Intel has announced details for its next-generation Xeon Phi processors (code-named Knights Landing), which promise to champion "code modernization" investments.
"Xeon Phi feature a new high-speed fabric that will be integrated on-package and high-bandwidth, on-package memory that combined, promise to accelerate the rate of scientific discovery. Currently, memory and fabrics are available as discrete components in servers limiting the performance and density of supercomputers," says Intel.
The new interconnect technology, called Intel Omni Scale Fabric, is designed to address the requirements of the next generations of high-performance computing. Intel Omni Scale Fabric will be integrated in the next generation of Intel Xeon Phi processors as well as future general-purpose Intel Xeon processors.
This integration, along with the fabric's HPC-optimized architecture, is designed to address the performance, scalability, reliability, power, and density requirements of future HPC deployments.
"Intel is re-architecting the fundamental building block of HPC systems by integrating the Intel Omni Scale Fabric into Knights Landing, marking a significant inflection and milestone for the HPC industry,” said Charles Wuischpard, vice president and general manager of Workstations and HPC at Intel.
"Knights Landing will be the first true many-core processor to address today's memory and I/O performance challenges. It will allow programmers to leverage existing code and standard programming models to achieve significant performance gains on a wide set of applications. Its platform design, programming model, and balanced performance make it the first viable step towards exascale."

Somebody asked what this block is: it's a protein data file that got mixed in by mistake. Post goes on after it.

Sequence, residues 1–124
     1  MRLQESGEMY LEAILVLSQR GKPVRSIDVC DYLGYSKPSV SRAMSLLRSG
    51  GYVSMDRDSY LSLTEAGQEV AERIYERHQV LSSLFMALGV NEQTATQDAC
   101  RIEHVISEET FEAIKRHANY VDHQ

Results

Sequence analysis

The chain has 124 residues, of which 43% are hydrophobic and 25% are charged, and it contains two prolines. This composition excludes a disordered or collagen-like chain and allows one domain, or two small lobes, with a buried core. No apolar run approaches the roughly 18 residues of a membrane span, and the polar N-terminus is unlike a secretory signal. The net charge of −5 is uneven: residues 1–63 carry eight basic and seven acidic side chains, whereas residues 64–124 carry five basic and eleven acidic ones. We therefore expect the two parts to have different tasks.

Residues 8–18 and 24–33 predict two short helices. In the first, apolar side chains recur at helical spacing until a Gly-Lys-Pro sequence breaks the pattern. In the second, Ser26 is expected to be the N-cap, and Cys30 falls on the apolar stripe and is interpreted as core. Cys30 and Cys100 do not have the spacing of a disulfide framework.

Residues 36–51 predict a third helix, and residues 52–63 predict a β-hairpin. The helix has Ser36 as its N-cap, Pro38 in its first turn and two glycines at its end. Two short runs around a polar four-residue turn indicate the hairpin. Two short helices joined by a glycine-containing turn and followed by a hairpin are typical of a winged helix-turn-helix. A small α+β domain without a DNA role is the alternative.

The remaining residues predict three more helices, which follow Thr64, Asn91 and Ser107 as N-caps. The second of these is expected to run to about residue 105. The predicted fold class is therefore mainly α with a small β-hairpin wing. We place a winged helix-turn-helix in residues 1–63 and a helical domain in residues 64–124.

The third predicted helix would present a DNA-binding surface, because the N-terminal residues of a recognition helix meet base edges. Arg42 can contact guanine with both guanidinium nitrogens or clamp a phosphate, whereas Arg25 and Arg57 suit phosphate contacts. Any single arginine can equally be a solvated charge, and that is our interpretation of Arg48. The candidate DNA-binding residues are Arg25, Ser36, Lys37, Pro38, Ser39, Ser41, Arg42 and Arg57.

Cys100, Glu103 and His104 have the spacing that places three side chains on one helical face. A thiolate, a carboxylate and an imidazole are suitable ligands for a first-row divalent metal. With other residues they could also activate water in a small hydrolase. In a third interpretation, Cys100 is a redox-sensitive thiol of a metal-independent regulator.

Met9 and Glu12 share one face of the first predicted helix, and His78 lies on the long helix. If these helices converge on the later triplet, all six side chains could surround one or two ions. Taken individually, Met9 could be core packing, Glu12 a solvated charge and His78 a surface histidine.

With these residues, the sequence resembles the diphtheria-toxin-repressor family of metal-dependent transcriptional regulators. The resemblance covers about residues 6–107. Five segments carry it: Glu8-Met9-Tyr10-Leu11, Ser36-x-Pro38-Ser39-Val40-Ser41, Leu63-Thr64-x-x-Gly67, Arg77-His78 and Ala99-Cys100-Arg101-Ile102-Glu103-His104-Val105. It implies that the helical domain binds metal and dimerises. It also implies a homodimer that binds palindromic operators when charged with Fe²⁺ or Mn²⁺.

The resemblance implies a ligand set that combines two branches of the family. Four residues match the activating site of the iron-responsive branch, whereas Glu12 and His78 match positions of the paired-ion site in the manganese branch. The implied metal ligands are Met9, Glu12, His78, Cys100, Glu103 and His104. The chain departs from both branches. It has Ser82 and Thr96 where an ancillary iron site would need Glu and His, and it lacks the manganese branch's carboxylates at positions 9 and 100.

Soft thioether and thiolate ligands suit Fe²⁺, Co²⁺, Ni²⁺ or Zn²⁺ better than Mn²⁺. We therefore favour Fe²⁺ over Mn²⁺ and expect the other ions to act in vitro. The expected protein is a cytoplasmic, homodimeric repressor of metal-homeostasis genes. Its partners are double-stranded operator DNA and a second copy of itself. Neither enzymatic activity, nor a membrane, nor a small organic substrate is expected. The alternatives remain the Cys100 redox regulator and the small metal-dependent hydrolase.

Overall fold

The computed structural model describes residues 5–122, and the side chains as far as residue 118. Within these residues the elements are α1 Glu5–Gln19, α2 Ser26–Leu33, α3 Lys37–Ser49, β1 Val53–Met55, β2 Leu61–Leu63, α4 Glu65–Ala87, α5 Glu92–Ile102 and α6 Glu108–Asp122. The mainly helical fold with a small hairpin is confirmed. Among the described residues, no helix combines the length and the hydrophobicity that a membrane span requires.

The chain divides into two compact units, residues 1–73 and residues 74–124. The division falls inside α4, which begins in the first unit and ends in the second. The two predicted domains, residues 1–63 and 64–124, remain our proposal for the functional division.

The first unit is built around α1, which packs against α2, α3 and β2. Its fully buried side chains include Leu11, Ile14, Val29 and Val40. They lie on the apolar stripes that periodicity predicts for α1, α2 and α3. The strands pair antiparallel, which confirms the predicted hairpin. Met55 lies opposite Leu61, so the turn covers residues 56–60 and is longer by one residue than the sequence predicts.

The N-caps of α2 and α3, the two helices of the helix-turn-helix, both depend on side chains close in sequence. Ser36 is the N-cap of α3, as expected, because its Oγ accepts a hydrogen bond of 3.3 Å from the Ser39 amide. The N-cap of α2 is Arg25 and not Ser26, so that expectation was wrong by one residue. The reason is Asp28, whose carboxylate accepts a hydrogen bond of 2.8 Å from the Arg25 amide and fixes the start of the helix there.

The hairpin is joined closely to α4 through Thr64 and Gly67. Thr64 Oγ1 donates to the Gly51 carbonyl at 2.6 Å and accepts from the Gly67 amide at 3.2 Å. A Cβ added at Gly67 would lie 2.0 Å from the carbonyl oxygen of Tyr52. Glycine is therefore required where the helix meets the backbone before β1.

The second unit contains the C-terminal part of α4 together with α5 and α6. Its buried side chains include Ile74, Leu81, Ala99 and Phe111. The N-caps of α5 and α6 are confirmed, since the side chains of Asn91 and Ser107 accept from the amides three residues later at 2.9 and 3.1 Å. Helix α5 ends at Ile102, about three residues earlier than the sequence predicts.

Programming Complexities and Bandwidth Bottlenecks
Knights Landing will be available as a standalone processor mounted directly on the motherboard socket in addition to the PCIe-based card option. The socketed option removes (says Intel) "programming complexities and bandwidth bottlenecks" of data transfer over PCIe, common in GPU and accelerator solutions. Knights Landing will include up to16 GB high-bandwidth, on-package memory at launch — designed in partnership with Micron — to deliver five times better bandwidth compared to DDR4 memory, five times better energy efficiency, and three times more density than current GDDR-based memory.
When combined with integrated Intel Omni Scale Fabric, the new memory solution will allow Knights Landing to be installed as an independent compute building block. Powered by more than 60 HPC-enhanced Silvermont architecture-based cores, Knights Landing is expected to deliver more than 3 TFLOPS of double-precision performance and three times the single-threaded performance compared with the current generation.
Knights Landing will be binary-compatible with Intel Xeon processors, making it easy for software developers to reuse plenty of existing code.